Ghost nets aren’t supernatural, but they are legitimately scary. A ghost net is a fishing net that’s been lost or abandoned in the ocean. They are one particularly egregious part of the global ghost fishing problem, which includes fishing gear abandoned in the water. Any net or line left in ocean can pose a threat to marine life.
That’s because a net is no longer used by fishers doesn’t mean it stops working. These nets continue to trap everything in their path, presenting a major problem for the health of our oceans and marine life.
Ghost nets don’t only catch fish; they also entangle sea turtles, dolphins and porpoises, birds, sharks, seals, and more. These animals swim into nets, often unable to detect them by sight or sonar. The nets keep animals from moving freely, cause injuries, and keep mammals and birds from rising to the surface for air. Since hundreds of animals can be caught in a single net, you can see just how monumental this threat is. And ghost nets harm coral reefs too—breaking corals, exposing them to disease, and even blocking the reefs from needed sunlight.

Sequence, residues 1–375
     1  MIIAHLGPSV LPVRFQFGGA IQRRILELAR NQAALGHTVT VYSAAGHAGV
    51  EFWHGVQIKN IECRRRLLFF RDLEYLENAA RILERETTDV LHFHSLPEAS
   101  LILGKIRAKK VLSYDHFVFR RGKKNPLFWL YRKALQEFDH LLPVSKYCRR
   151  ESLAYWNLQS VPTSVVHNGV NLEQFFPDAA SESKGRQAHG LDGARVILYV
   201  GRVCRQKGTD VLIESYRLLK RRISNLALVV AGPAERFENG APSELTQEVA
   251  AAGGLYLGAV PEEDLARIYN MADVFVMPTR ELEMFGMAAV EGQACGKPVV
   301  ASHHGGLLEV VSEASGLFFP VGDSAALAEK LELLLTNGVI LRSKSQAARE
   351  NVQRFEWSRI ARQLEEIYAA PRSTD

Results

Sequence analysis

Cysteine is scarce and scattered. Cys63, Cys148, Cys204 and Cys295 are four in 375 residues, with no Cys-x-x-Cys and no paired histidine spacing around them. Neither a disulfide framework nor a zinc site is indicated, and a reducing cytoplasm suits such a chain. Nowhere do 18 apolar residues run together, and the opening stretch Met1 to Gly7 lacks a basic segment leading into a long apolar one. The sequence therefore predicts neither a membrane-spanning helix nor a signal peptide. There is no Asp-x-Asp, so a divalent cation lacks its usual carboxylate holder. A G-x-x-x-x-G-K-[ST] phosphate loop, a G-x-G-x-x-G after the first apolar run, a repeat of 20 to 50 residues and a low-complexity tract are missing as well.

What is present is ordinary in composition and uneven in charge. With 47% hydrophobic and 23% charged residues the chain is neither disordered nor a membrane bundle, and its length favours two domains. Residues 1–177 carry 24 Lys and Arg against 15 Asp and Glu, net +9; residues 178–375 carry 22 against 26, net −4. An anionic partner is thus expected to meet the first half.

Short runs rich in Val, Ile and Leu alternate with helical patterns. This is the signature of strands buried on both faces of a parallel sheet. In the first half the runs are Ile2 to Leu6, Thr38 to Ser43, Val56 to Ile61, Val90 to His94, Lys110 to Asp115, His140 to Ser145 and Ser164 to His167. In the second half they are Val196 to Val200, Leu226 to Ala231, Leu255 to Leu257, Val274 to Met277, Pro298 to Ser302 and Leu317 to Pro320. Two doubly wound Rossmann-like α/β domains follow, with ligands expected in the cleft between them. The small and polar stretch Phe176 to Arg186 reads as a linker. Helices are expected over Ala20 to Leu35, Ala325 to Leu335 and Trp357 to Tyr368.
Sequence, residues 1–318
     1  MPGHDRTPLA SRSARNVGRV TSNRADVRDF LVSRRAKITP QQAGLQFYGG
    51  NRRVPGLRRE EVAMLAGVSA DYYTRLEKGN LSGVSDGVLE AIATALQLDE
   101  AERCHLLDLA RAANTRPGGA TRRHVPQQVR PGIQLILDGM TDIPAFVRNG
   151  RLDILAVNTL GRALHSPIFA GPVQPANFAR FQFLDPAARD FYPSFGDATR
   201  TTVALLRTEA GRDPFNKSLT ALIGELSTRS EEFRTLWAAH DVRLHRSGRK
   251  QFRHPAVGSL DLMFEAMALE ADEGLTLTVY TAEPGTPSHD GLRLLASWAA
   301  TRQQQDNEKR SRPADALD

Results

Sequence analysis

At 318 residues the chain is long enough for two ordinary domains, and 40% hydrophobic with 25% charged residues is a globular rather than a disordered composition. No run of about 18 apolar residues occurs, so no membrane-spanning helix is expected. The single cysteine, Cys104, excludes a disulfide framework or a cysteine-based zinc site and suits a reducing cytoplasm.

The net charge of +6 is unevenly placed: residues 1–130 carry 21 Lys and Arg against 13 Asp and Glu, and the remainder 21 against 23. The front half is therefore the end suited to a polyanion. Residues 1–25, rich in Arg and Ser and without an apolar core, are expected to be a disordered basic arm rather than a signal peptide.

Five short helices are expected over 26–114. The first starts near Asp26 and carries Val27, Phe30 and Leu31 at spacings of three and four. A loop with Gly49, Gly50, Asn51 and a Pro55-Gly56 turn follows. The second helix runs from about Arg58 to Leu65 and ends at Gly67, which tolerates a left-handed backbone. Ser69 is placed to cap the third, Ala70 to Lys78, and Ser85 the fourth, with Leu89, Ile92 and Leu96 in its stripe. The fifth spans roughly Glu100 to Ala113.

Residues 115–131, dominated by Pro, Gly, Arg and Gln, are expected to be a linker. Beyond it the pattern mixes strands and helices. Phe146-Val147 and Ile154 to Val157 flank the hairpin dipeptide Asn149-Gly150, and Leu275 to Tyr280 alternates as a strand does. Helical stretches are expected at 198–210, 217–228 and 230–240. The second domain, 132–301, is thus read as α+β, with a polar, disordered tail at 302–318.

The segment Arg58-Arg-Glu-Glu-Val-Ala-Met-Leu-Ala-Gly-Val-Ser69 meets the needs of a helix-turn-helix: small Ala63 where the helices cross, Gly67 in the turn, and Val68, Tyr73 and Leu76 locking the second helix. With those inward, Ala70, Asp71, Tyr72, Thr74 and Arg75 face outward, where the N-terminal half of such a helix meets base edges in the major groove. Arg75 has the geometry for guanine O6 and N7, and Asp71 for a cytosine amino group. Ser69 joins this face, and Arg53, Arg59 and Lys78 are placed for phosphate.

Ghost nets are also a major contributor to the ocean plastics crisis. Most modern nets are made of nylon or other plastic compounds that can last for centuries. According to a 2018 study in Scientific Reports, ghost nets make up at least 46 percent of the Great Pacific Garbage Patch. Those abandoned fishing lines and nets that do breakdown never go away; they just become smaller pieces of plastic. Marine animals mistake this microplastic for food and eat it, which can harm internal organs, keep them from eating, and expose them to toxic chemicals.